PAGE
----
The mistreatment suffered by both Mary and Colin stems from their parents. In Mary’s case the neglect is a result of deliberate selfishness. By the time Mary arrives at Misselthwaite Manor, her soul has died symbolically because of neglect, lack of love, and loneliness. The mourning clothes she wears for her parents are symbolic of this death. When she casts off her black clothing and puts on new clothes her first morning in Yorkshire, it marks the rebirth of her soul and the blossoming of her body and inner person into good health.


Mary and Colin both have several quests to fulfill. As in many of the folktales studied, Mary’s quest begins with a journey. Hers is from India to Yorkshire and her quests are to find and renew the garden, to transform herself into a healthy, loving, and beloved child who is not isolated from the rest of the world, and to help Colin do the same. Colin’s quest is similar in that he also needs to be transformed into a complete person, but he must rescue his father as well.


Just as folktale orphans encounter obstacles to the successful completion of their quest, so too do Mary and Colin. These obstacles are both external and internal. Mary’s external obstacles include Mrs. Medlock, who tells her she is to keep to her rooms and not wander around the house. If Mary had obeyed this edict, she wouldn’t have found Colin. Another obstacle is that the garden Mary wants to see is locked up and the key buried.

Colin’s obstacles are more internal than external. His fear of deformity and the fear that he won’t live to grow up so dominate his thoughts that they keep him bedridden and unwilling to interact with anyone other than his caretakers. His lack of physical health is also an obstacle. He cannot walk or even sit up without help, not because of any real physical problem but because the muscles are weak from lack of use. He has made his own home a prison. His external obstacles include Dr. Craven. While he is not actively promoting Colin’s decline, the doctor does nothing to help Colin do the things that are healthy for him. Colin believes that the doctor wants him to die so he will inherit the manor, but there is no mention of that by Dr. Craven himself. Rather than an active obstacle, the doctor is a passive one, as are the other grownups. The servants, the nurse, the doctor, none of them, tries to lessen Colin’s spoiled nature or see him as anything other than a tiresome duty.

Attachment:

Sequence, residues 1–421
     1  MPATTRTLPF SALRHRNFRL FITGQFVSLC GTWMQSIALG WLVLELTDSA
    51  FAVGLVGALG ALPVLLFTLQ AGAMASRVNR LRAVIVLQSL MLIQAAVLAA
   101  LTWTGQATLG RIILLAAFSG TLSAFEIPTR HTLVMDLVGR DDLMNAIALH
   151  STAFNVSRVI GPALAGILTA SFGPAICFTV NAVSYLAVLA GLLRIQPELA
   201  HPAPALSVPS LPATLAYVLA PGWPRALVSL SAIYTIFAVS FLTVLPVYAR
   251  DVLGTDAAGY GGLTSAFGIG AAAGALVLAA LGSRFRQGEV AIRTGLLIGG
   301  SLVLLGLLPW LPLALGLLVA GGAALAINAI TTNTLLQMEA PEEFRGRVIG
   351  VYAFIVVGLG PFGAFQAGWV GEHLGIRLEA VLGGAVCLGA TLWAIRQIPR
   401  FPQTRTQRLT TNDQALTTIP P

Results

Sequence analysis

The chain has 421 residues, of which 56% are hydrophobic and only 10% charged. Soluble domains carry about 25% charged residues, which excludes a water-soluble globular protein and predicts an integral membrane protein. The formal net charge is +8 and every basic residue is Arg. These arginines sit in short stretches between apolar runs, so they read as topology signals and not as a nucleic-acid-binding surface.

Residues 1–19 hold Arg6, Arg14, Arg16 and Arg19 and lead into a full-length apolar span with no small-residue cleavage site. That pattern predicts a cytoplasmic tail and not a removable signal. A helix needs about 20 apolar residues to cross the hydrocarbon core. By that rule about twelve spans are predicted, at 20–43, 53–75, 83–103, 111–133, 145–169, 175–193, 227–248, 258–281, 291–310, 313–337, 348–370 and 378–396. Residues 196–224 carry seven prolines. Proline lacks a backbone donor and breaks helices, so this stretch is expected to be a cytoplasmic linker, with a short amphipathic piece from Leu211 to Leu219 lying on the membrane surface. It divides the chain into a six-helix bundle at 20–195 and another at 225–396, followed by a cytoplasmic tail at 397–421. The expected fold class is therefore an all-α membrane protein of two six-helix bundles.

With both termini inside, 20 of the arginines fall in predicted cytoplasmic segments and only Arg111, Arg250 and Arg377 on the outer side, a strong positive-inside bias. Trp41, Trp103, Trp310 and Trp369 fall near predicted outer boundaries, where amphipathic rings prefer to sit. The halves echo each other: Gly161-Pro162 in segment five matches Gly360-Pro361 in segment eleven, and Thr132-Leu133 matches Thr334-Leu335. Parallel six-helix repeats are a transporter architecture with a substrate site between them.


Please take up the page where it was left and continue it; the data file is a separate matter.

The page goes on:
The obstacles faced by Mary and Colin are overcome in two ways: first, with assistance from others, and second, by their own “virtue.” As seen in the discussion of helpers, Mary and Colin are assisted by an assortment of characters. The helper characters each advance the quest a bit further by providing key bits of information or by physical and emotional assistance. Dickon, Martha, Ben, and Mrs. Sowerby are all obviously helpers.

In the folktales studied, many of the characters overcome impediments by their virtuous nature. Mary and Colin are scarcely virtuous in the same way. They are both spoiled, selfish, and stubborn. These traits would ordinarily weigh on the minus side of the ledger but in this case are turned into assets. If Mary weren’t so stubborn, she would have behaved when Mrs. Medlock told her not to go exploring around the house. If she had been a “nice” child, she wouldn’t have become angry with Colin when he had a temper tantrum. By shouting at him, she startles him into voicing his greatest fear, that he has a lump on his back and proving him wrong about his illness:

“There’s not a single lump there!” she said at last. “There’s not a lump as